Pulse hosted themed performances each night and had a monthly program featuring educational events geared towards the LGBT community. According to Orlando Weekly, Pulse featured "three glitzy, throbbing rooms of club boys, twinks and twinks at heart. Every night has something different in store, but Pulse is known to have some pretty impressive drag shows, and the bar's dancers are usually gorgeous." Because of the three areas, Lonely Planet Discover Florida deemed it "three nightclubs," while their Florida volume focused on it being "ultramodern."
Top 10 Orlando called it a "firm favorite for the Orlando gay crowd,"The Rough Guide to Florida deemed it "justifiably popular," citing its "great lighting and sound plus cabaret performers, drag acts, and erotic dancers." Pulse was the only gay club mentioned in The Rough Guide to the USA for Orlando. According to listings, the entire premises, including the washrooms, were accessible. Using "periodic consumer surveys," Zagat rated Pulse 25/30 for atmosphere, 25/30 decor, and 22/30 service.
President Barack Obama stating Pulse was a refuge for LGBT and Hispanic people
In 1985—prior to Pulse's founding—the property located at 1912 South Orange Avenue was home to a pizza restaurant named Lorenzo's. By 1999, it was called Dante's, a bar with live music. Dante's closed in January 2003.
Founded by Barbara Poma and Ron Legler, Pulse opened on July 2, 2004. Poma's brother, John, died in 1991 from AIDS, and the club is "named for John's pulse to live on," according to a marketing staff member in February 2016. The venue had a focus on local talent. Poma ensured that her brother's memory was prominent on the website, and that the facility was more than "just another gay club." Legler, who was president of the Florida Theatrical Association when Pulse was founded, also founded two nightclubs in Lake Eola Park in 2010, before moving to Baltimore in 2014.The Washington Post described the club's first 12 years as "a community hub for HIV prevention, breast-cancer awareness and immigrant rights," and reported it had partnered with educational and advocacy groups such as Come Out with Pride, Equality Florida, and the Zebra Coalition.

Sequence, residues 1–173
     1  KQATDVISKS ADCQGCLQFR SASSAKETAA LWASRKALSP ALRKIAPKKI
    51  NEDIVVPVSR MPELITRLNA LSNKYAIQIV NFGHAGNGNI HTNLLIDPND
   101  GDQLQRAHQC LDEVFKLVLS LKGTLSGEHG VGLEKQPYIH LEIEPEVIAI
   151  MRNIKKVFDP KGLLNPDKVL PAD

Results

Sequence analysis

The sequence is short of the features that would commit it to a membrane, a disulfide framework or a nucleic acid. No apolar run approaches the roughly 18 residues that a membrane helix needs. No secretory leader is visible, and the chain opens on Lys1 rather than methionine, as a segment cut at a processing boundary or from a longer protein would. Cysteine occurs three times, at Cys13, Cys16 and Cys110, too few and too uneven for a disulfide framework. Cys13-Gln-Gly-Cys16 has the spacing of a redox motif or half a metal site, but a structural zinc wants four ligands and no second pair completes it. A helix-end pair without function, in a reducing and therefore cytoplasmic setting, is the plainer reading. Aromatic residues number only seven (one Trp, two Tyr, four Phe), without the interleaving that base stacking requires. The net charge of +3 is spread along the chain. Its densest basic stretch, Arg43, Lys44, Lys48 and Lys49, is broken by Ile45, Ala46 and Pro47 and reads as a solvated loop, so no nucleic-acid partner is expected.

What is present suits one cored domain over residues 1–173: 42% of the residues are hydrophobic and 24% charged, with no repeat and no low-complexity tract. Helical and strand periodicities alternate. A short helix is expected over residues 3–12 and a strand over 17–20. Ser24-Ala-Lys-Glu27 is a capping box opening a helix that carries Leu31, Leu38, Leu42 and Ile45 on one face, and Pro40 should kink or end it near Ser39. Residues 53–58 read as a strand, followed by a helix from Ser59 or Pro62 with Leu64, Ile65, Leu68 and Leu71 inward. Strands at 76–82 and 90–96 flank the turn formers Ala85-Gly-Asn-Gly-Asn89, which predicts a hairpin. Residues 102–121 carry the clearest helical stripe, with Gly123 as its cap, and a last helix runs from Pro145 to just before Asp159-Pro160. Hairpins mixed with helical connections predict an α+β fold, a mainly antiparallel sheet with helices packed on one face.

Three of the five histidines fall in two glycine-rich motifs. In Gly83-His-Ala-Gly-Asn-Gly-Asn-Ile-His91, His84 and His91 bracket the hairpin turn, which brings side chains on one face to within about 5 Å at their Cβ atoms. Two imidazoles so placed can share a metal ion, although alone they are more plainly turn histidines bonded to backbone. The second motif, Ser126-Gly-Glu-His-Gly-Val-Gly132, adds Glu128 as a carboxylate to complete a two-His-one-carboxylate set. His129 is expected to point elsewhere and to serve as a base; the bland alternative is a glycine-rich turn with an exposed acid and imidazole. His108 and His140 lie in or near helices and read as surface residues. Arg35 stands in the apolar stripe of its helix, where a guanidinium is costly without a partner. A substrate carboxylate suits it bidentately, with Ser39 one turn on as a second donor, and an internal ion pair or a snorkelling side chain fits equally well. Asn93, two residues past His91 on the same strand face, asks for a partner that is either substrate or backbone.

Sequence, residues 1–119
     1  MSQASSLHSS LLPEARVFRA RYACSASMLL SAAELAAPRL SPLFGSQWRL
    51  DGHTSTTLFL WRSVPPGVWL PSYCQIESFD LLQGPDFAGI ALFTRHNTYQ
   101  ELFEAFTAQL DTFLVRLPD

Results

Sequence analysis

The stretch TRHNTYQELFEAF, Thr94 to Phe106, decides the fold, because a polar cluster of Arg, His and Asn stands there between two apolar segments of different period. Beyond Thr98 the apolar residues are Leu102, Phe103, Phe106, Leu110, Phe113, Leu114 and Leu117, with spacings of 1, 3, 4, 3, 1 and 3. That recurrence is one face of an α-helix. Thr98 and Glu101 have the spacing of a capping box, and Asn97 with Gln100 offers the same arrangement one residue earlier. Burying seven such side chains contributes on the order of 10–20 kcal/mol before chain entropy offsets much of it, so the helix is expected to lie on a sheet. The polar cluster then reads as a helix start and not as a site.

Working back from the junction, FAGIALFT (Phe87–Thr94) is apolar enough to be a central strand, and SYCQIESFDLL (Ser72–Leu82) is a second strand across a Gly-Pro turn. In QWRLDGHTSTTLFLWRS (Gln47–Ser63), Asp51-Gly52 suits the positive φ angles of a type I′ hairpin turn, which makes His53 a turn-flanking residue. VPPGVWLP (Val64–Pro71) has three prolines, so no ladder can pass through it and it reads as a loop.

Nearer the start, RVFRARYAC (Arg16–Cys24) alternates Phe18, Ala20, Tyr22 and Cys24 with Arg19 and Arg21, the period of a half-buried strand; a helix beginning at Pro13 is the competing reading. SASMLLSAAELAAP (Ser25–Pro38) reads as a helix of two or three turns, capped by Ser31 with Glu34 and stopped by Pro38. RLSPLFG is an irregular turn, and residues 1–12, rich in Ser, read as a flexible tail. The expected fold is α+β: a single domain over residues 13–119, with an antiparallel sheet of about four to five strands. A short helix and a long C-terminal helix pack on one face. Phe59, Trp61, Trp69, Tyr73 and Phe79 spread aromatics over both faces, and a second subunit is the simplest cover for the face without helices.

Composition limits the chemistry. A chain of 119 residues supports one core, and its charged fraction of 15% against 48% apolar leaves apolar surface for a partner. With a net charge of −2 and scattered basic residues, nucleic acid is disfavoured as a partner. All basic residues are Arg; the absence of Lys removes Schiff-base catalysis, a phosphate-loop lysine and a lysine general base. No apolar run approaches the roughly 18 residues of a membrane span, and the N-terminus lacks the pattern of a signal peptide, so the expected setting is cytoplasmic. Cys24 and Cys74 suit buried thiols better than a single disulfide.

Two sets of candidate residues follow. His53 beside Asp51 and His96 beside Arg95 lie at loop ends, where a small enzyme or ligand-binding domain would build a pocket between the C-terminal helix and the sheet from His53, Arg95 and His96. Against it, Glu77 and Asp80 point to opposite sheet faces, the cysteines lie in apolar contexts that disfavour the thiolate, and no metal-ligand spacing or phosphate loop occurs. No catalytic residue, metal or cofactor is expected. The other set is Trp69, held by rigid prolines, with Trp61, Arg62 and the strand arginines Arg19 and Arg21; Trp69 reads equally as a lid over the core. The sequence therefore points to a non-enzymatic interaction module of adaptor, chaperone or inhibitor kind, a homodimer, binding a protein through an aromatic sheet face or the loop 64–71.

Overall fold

In November 2016, the city of Orlando agreed to buy the nightclub for $2.25 million. Mayor Buddy Dyer expressed plans to convert the nightclub into a memorial to honor the memory of the victims.
Barbara Poma, the owner, refused to sell the nightclub to the city in December 2016. Instead she announced in May 2017 the creation of the onePULSE Foundation to independently fund a memorial site and museum slated to open in 2020.